Wednesday, 19 May 2021

I love fungi

 I've got the bug. Bad. Like real bad. Like I can't stop thinking about fungi.

Of course, they have always been around - something you see especially on forested trails. Mushrooms and lichens. I was always charmed by the mushroom 'bumps' under the pine needles in the Lakenvlei forests where I hosted my Forest Run event. I wasn't hugely moved by mushrooms. They were just interesting and fun to uncover on my visits there.

Then, in early April I saw my first stinkhorn fungus. And then another. I keep an eye out for them. 

At the beginning of May I discovered iNaturalist. I'd seen a poster about a City Nature Challenge and decided to participate, especially as I'd jumped back into doing some repeat photography

And then, just like that, a switch was flipped. iNaturalist appeals to me on many levels. 

  • I enjoy volunteering, assisting and contributing. 
  • I am community orientated. 
  • I have a background in science and research. 
  • Citizen science appeals to me.
I also identify with the incredible functionality of this platform. Anyone can observe, photograph and record sightings of fauna and flora, generating a massive database of information on diversity, distribution, seasonality and frequency. Researchers can pull from this data for their studies. There is no way that they would be able to generate the data on their own.

The iNaturalist software has this great feature where it suggests possibilities for the identification of your sighting when you upload a photo - much like facial recognition. It is brilliant. 

After discovering, I logged a few observations - like the two chameleons that I saw and photographed. And then a couple of flowers and an agama that I saw while away near De Rust. 

This whole time, I'm thinking about iNaturalist and the overwhelming number of things that I could log. Birds, trees, flowers, insects... A person could turn themselves inside out. I knew that I would need to pick something to focus on. But what?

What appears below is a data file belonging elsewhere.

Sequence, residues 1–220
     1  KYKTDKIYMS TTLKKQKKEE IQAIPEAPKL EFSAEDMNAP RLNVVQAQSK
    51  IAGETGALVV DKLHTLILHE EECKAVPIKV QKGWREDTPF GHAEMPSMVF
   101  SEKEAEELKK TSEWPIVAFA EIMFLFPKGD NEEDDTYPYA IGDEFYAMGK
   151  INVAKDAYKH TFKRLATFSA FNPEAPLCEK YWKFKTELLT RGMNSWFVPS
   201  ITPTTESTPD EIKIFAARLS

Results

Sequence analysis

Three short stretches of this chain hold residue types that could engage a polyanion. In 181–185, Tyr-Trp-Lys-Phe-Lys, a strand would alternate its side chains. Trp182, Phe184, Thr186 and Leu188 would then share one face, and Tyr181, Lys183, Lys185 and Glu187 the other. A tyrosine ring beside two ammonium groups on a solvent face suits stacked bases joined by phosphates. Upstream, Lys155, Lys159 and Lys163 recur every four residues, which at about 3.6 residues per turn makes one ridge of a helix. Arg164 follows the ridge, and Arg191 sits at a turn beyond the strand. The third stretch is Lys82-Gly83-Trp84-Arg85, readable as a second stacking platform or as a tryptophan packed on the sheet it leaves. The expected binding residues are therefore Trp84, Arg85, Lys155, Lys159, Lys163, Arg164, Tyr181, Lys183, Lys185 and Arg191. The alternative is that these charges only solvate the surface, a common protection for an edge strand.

I'm no good at birds - you need to sit around to photograph them. That doesn't work for me. When I'm out, I'm walking or running or paddling. 

The Proteas and Ericas and other fynbos are abundant with incredible diversity. I enjoy seeing them and sometimes stop to look closer at a flower. They're interesting but that's it. 

Insects too require more focus to find.

Fungi, on the other hand, they are just there. Everywhere it seems.

After getting back from De Rust, I began noticing more different fungi. Was it that I was being more observant or are there really more around? It seems the latter is probably the case.  I've just taken a look on iNaturalist at the seasonality of a number of different types of fungi in South Africa and it seems like April and May are high points. I also spend time in environments that are ideal for fungi.

I really, really, really like fungi. Not so much the regular mushroom type of fungi, but the other stuff like jelly fungi, slime molds, anything with nice colours and, of course, stinkhorns.

Some of my recent fungal finds.

Diversity is huge. Fungi offer a huge range in colour, size and shape and yet their classing is pretty good so that you can narrow in for identification. And I see them everyday.

I've been photographing them and logging my observations on iNaturalist. Yesterday I went out with the dogs and I didn't plan on photographing anything - but I couldn't resist and so got home with four observations to log - three of them new-to-me species.

The other night I took advantage of a book sale on Takelot so I ordered my first book on fungi. It arrived today. "Field Guide to Mushrooms & other Fungi of South Africa" by Gary B Goldman & Marieka Gryzenhout. It is magical.

What I have discovered is that this isn't just about photographing and logging as many as I can. I am a bit attached to a bunch of 'my' fungi. Most are on trails that I regularly roam so I like to visit them regularly. This is perhaps a bit of where my repeat-photography interest comes in because I like to re-photograph the fungi to see how much they grow and change over time. The slime molds are proving especially interesting (3 sites now).

I also have my first 'pet' fungus - and it is the reason that I'm awake at 02h15. I'm not working. I'm writing this blog and watching my new pet. I'll reveal more about it tomorrow.

Fungi. Who would have guessed! I have a lot to learn but with my new book, iNaturalist, people in this community and the power of the internet, I'll be on a steep learning curve over the coming months.

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